Fix Your Brakes
Repair brakes right away
If your 4×4 is not stopping at it should take a look at your brake right away or have it looked by someone. Waiting until a problem gets serious is playing with your family’s life.
Brake repairs – critical? Of course! Your brakes keep your family safe. Brake repairs and parts for imports – expensive? You bet! Brake rotors for import cars, unlike domestics, are built with minimal thicknesses to save weight – meaning they can’t be “turned”; they must be replaced.
Brake rotors for imports are also more sensitive to warping from heat, and overheated brakes are the second most common cause of failure (first is wear-and-tear).
What do brakes do?
Brakes are designed to slow down your vehicle but probably not by the means that you think. The common misconception is that brakes squeeze against a drum or disc, and the pressure of the squeezing action is what slows you down. This in fact is only part of the reason you slow down. Brakes are essentially a mechanism to change energy types. When you’re travelling at speed, your vehicle has kinetic energy. When you apply the brakes, the pads or shoes that press against the brake drum or rotor convert that energy into thermal energy via friction. The cooling of the brakes dissipates the heat and the vehicle slows down. This is all to do with The First Law of Thermodynamics, sometimes known as the law of conservation of energy. This states that energy cannot be created nor destroyed, it can only be converted from one form to another. In the case of brakes, it is converted from kinetic energy to thermal energy.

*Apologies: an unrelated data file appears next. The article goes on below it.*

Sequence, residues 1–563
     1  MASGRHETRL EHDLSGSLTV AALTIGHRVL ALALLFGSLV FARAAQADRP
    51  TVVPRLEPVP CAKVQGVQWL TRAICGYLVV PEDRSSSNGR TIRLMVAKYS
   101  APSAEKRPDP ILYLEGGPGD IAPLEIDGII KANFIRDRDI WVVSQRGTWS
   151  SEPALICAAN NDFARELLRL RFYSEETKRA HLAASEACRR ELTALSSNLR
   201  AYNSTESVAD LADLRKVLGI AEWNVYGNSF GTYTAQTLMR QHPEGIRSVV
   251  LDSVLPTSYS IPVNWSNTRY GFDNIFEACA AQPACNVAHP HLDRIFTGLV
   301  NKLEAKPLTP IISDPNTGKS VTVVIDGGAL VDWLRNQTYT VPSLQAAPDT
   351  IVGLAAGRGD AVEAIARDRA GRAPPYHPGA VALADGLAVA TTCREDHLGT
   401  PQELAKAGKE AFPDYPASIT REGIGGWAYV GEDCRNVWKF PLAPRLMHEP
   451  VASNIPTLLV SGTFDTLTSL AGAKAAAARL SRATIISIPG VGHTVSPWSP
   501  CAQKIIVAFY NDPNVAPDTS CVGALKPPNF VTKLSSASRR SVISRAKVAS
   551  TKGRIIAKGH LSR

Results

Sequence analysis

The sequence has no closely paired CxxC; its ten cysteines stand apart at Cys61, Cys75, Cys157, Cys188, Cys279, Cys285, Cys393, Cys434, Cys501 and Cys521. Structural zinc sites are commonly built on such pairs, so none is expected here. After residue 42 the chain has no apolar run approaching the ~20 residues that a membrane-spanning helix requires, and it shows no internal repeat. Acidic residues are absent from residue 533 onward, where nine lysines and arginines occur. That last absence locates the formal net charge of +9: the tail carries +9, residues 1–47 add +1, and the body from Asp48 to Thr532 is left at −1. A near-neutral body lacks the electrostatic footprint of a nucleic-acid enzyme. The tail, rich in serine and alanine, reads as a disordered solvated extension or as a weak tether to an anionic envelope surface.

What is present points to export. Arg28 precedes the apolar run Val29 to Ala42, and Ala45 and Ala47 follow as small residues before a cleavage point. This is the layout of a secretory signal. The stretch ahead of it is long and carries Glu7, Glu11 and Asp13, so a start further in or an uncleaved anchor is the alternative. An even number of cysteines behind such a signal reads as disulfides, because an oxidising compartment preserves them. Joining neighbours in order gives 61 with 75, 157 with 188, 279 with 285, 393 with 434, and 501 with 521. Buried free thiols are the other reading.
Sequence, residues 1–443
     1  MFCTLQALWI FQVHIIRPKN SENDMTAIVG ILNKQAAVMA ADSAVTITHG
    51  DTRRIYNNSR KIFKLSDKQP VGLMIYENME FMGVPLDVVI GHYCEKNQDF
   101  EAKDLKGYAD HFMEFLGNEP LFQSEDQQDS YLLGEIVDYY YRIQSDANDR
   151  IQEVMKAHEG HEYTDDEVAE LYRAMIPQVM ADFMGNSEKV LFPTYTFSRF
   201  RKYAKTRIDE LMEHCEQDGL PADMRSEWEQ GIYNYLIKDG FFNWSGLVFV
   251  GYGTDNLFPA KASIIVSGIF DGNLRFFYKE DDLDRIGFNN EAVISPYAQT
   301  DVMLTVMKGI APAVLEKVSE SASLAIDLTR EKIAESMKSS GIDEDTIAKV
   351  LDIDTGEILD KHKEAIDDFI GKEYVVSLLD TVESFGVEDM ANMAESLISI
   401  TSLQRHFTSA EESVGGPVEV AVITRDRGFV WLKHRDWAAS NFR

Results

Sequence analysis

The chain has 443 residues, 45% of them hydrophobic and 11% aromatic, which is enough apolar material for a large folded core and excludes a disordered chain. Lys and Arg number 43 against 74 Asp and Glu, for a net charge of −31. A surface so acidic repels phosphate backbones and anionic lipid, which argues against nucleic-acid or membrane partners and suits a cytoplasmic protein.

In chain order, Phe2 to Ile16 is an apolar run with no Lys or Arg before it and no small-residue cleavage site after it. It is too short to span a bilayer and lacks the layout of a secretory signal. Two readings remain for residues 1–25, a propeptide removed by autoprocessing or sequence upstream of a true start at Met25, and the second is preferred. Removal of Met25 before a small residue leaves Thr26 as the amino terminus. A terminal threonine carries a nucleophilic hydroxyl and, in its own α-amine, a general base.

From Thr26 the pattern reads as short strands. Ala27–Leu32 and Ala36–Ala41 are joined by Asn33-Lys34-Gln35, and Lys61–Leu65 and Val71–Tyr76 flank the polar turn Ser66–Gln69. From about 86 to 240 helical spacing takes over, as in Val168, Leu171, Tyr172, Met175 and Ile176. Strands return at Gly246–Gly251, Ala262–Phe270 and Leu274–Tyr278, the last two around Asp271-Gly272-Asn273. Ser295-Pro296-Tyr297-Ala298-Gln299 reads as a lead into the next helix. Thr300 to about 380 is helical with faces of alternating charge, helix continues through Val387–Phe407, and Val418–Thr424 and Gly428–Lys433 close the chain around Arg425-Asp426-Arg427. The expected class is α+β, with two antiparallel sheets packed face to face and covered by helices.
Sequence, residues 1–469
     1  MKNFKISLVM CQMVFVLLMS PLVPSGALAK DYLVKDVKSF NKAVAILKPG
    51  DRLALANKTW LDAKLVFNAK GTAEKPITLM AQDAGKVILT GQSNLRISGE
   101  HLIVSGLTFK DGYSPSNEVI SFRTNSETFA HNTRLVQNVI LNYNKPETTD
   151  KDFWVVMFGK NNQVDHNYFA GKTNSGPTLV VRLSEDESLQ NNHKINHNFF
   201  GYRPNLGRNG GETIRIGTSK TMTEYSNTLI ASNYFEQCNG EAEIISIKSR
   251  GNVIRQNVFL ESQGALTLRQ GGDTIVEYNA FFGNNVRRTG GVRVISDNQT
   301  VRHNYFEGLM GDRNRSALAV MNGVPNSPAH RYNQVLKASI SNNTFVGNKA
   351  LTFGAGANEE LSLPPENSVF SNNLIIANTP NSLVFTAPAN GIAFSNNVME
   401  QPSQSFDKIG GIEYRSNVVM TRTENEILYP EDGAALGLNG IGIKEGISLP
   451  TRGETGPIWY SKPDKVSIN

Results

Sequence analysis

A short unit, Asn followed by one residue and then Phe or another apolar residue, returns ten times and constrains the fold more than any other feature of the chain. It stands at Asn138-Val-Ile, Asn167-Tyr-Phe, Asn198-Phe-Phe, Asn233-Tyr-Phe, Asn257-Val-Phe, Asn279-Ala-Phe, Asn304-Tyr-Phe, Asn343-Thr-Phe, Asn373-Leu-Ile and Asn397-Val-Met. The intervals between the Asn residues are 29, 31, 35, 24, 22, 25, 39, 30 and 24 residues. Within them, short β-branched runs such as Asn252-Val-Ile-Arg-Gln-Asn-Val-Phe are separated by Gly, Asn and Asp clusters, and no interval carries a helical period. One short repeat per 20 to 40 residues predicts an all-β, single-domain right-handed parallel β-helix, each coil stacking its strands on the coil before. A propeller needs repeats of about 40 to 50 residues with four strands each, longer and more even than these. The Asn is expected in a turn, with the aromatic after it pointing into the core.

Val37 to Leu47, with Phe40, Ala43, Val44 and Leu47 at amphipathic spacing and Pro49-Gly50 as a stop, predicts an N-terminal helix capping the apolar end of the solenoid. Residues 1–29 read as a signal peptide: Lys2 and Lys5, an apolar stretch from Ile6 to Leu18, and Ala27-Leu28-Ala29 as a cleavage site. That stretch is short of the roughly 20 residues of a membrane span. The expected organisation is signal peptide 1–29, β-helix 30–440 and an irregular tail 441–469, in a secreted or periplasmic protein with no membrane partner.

Angular force. Because of the configuration of the brake pads and rotor in a disc brake, the location of the point of contact where the friction is generated also provides a mechanical moment to resist the turning motion of the rotor.
In order to understand the how and why of brake repair, you first have to get to know the two types of brakes: drum brakes and disc brakes. In essence, a drum braking system works by pressing brake shoes outward against the inside of a round metal drum. Disc brakes, on the other hand, use brake pads to squeeze a spinning metal disc in order to slow (and stop) your car. Drum brakes are becoming less common and today generally only show up on the rear half of some domestic vehicles, including economy cars, mini-vans, and light trucks. They operate on the same principle as the more prominent disc brakes — utilizing friction.